A History of Chinese Literature - Herbert Allen Giles 1973
What foreign students have achieved in the department of Chinese literature from the sixteenth century down to quite recent times is well exhibited in the three large volumes which form the Bibliotheca Sinica, or Dictionnaire Bibliographique des Ouvrages rélatifs à P Empire chinois, by Henri Cordier: Paris, Ernest Leroux, 1878; with Supplément, 1895. This work is carried out with a fulness and accuracy which leave nothing to be desired, and is essential to all systematic workers in the Chinese field.
By far the most important of all books mentioned in the above collection is a complete translation of the Confucian Canon by the late Dr. James Legge of Aberdeen, under the general title of The Chinese Classics. The publication of this work, which forms the greatest existing monument of Anglo-Chinese scholarship, extended from 1861 to 1885.
The Cursus Literatura Sinicœ, by P. Zottoli, S.J., Shanghai, 1879-1882, is an extensive series of translations into Latin from all branches of Chinese literature, and is designed especially for the use of Roman Catholic missionaries (neo-missionariis accommodatus).
Another very important work, now rapidly approaching completion, is a translation by Professor E. Chavannes, Collège de France, of the famous history described in Book II. chap. iii., under the title of Les Mémoires Historiques de Se-ma Ts'ien, the first volume of which is dated Paris, 1895.
Notes on Chinese Literature, by A. Wylie, Shanghai, 1867, contains descriptive notices of about 2000 separate Chinese works, arranged under Classics, History, Philosophy, and Belles Lettres, as in the Imperial Catalogue (see p. 387). Considering the date at which it was written, this book is entitled to rank among the highest efforts of the kind. It is still of the utmost value to the student, though in need of careful revision.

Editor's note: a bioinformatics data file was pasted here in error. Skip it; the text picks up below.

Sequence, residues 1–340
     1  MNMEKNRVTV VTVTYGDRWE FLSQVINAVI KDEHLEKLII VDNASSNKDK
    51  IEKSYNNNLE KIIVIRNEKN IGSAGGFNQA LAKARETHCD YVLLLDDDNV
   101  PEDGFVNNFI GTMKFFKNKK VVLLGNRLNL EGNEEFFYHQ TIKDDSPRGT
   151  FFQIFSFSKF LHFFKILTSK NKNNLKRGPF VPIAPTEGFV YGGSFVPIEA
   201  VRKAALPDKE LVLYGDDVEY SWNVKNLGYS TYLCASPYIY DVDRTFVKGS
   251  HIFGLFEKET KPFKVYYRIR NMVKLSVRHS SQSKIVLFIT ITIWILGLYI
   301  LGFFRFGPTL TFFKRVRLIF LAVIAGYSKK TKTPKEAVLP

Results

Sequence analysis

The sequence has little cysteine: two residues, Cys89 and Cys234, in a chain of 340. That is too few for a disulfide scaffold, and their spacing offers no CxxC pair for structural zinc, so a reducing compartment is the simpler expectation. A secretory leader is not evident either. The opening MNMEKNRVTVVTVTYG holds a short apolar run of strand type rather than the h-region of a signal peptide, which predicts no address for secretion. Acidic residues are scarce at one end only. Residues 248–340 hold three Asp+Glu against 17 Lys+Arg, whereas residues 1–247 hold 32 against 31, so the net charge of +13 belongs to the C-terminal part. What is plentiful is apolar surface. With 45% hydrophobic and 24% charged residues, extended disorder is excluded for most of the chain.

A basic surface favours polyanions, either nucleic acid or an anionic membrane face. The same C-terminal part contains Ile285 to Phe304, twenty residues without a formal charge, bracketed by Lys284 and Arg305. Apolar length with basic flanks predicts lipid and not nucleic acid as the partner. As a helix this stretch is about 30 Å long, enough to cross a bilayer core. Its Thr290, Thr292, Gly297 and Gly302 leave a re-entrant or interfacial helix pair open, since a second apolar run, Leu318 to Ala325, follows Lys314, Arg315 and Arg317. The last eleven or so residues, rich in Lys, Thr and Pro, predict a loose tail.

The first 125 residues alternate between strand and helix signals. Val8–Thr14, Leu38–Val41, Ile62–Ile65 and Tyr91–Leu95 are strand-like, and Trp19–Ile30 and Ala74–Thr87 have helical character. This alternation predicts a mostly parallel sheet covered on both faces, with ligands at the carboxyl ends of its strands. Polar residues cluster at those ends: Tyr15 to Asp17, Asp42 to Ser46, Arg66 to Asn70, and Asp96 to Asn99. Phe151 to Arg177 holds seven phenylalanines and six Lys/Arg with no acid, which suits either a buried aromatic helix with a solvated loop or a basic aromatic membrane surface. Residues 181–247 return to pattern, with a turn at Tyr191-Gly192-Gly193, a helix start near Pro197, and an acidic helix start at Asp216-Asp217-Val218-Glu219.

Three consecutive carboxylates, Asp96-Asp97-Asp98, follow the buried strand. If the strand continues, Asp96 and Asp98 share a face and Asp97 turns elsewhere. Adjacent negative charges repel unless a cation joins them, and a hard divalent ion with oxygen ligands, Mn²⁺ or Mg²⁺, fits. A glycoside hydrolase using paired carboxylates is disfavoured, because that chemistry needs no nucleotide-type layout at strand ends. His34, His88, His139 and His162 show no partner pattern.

The following Catalogues of Chinese libraries in Europe have been published in recent years:—
Catalogue of Chinese Printed Books, Manuscripts, and Drawings in the Library of the British Museum. By R. K. Douglas, 1877.
Catalogue of the Chinese Translation of the Buddhist Tripitaka. By Bunyio Nanjio, 1883.
Catalogue of the Chinese Books and Manuscripts in the Library of Lord Crawford, Haigh Hall, Wigan. By J. P. Edmond, 1895.
Catalogue of the Chinese and Manchu Books in the Library of the University of Cambridge. By H. A. Giles, 1898.
Catalogue des Livres Chinois, Coréens, Japonais, etc., in the Bibliothèque Nationale. By Maurice Courant, Paris, 1900. (Fasc. i. pp. vii., 148, has already appeared.)
The chief periodicals especially devoted to studies in Chinese literature are as follows:—
The Chinese Repository, published monthly at Canton from May 1832 to December 1851.
The Journal of the North-China Branch of the Royal Asiatic Society, published annually at Shanghai from 1858 to 1884, and since that date issued in fascicules at irregular intervals during each year.
The China Review, published every two months at Hong-Kong from June 1872 to the present date.
There is also the Chinese Recorder, which has existed since 1868, and is now published every two months at Shanghai. This is, strictly speaking, a missionary journal, but it often contains valuable papers on Chinese literature and cognate subjects.
Variétés Sinologiques is the title of a series of monographs on various Chinese topics, written and published at irregular intervals by the Jesuit Fathers at Shanghai since 1892, and distinguished by the erudition and accuracy of all its contributors.